The stack can then be placed into a sleeve. A sleeve is a human body, grown or cloned. Some bodies are synthetic, others are flesh and blood. Envoy's are unique in that their conciseness can be transmitted through space from one planet to another, into a body built, primarily for starting or stopping wars. Again, Kovacs is something of a badass. 

This series takes place in a world similar to Blade Runner and Neuromancer in regard to high technology, colonization of various planets outside of Earth, and a galaxy-spanning gap between the have's and the have-not's. It's dark but littered with all sorts of shiny toys, drugs, and virtual experiences to try.

What makes this series different from the two titles mentioned above is the sex--for which there is lots of it. And it's very descriptive sex, which is cool, and something of a trend in these newer stories that fit into this sub-genre. Autonomous by Newitz had it's share of sex in it, and on the fantasy side of things, Game of Thrones is pretty much all sex and horrible horrible ways to dies, and sex. It seems the current formula for a grim and dark, story is to throw in heaping piles of intercourse. Again, not a criticism--simply an observation.

As a rule I try not to consecutively read an entire series. I like to break them up with different titles. The reason for this is getting burnt-out on one world, one author, one specific style. I broke my own damn rule this time around. I got burnt out. I probably have some biases when it came to book 2 and 3.

That being said...

Book 1: Altered Carbon is the strongest in the series. It's a detective story that breaks the detective story formula half-way through. It's the only book in the series that takes place on Earth, so there is familiar ground for the reader. I felt I best understood Kovacs's motives in this first book, and since the series is told from the 1st Person POV, I should have at least some idea of what the character is thinking. Books 2 and 3--not so much.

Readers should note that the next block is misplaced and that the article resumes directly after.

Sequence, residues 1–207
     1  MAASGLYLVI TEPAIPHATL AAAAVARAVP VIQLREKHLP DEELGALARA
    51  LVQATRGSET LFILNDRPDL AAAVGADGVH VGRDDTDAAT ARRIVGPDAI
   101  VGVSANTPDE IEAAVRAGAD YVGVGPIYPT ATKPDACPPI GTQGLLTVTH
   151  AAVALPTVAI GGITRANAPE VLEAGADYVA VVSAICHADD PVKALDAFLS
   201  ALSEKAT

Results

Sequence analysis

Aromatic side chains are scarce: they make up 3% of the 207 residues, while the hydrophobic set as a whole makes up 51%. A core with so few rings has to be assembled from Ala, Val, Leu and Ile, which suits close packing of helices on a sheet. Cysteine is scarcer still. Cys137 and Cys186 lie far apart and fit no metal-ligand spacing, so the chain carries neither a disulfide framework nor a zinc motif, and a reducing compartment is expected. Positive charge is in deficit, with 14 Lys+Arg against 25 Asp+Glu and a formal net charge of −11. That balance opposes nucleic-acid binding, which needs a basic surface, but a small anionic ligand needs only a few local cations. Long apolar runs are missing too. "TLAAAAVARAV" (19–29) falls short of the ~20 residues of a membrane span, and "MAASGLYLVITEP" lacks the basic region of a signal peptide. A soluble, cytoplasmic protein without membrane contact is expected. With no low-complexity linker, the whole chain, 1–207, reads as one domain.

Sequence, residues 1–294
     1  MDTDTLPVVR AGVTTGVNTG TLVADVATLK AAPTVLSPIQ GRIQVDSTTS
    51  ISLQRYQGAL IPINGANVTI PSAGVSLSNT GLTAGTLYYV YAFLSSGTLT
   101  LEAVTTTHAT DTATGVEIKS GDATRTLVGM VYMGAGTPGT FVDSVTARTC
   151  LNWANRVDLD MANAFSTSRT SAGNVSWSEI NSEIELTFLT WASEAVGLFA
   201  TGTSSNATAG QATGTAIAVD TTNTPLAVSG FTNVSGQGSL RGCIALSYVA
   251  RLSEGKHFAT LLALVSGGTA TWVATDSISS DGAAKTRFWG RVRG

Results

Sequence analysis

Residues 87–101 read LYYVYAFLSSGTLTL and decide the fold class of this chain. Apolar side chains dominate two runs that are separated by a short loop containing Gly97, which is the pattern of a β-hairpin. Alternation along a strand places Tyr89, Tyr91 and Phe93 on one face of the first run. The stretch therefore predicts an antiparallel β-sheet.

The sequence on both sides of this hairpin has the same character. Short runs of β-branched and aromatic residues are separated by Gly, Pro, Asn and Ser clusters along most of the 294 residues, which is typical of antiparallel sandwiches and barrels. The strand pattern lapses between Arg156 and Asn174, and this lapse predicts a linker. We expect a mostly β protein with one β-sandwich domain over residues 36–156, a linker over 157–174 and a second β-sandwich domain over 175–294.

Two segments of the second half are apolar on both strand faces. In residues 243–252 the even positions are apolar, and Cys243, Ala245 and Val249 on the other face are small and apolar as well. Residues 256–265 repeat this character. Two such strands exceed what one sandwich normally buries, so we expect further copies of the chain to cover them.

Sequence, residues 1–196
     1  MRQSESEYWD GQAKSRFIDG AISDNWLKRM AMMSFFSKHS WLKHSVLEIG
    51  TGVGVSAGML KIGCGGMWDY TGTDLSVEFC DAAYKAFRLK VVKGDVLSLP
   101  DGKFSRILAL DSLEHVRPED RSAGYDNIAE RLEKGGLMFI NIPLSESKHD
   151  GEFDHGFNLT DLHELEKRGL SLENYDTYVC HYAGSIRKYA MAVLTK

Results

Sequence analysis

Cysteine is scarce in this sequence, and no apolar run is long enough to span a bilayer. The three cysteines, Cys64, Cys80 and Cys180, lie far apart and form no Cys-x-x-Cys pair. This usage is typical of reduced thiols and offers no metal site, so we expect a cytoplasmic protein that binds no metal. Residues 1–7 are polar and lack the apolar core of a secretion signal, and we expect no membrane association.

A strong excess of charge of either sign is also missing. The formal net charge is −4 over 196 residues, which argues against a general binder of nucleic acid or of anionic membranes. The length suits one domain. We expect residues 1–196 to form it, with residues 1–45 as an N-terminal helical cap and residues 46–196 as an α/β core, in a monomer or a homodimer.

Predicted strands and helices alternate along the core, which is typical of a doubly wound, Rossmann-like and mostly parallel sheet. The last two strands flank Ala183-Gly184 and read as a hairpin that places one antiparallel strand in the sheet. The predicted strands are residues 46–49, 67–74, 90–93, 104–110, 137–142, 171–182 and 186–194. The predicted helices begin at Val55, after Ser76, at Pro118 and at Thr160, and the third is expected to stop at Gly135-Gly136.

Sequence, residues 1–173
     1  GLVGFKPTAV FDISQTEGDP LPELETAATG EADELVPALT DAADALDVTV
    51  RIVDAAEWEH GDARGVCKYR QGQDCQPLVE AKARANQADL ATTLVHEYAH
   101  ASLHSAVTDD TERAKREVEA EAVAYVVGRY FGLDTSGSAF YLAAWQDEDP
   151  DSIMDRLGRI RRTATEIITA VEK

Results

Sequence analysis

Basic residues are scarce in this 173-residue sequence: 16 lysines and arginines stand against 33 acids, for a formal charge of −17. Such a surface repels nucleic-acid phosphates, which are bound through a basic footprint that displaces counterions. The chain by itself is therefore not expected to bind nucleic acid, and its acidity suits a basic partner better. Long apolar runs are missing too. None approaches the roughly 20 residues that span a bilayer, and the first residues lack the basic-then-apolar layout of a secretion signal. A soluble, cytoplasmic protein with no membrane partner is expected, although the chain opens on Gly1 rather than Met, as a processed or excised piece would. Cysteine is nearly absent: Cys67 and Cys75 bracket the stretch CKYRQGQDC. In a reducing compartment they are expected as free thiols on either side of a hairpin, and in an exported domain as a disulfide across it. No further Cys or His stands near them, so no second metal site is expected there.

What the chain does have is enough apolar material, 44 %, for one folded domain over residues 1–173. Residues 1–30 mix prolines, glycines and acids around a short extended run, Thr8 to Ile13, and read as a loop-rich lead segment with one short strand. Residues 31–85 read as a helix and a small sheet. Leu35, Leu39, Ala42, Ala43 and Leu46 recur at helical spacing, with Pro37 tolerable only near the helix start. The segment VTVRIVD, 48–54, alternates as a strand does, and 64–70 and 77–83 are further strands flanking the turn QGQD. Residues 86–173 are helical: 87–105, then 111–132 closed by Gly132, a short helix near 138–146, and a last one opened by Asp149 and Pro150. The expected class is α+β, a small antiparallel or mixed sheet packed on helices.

Todd McLaren read the audio book versions of Books 1 and 2, and William Dufris read Book 3. Both did a wonderful job, however Dufris's pronounciation of the "Kovacs's" name sent me right over the edge. Here is an excerpt from Page 10 of Altered Carbon:

 Altered Carbon, Morgan, p10

Altered Carbon, Morgan, p10

Book 3 takes place entirely on Harlan's World. And yet, the reader, who is speaking as Kovacs, mispronounces his own damn name, over and over again. And since everyone he comes into contact with is also a resident of Harlan's World, and would know the pronunciation of Kovacs the same way we might know how to pronounce "Smith" or "Jones", it was criminal in my opinion, for this mispronunciation. There should have been a note passed to some mucky-muck at whatever audio book company produced this. Learn your main character's name, damnit!

I'm going to go and watch the Netflix series based on the first book now. I might have more to say on this after I've watched the show. I didn't love the books. But it wasn't awful. The technology in play was solid--probably the most well thought out tech system I've run across in recent reads. I recommend reading the first book. From there, it's entirely up to you if you want to continue.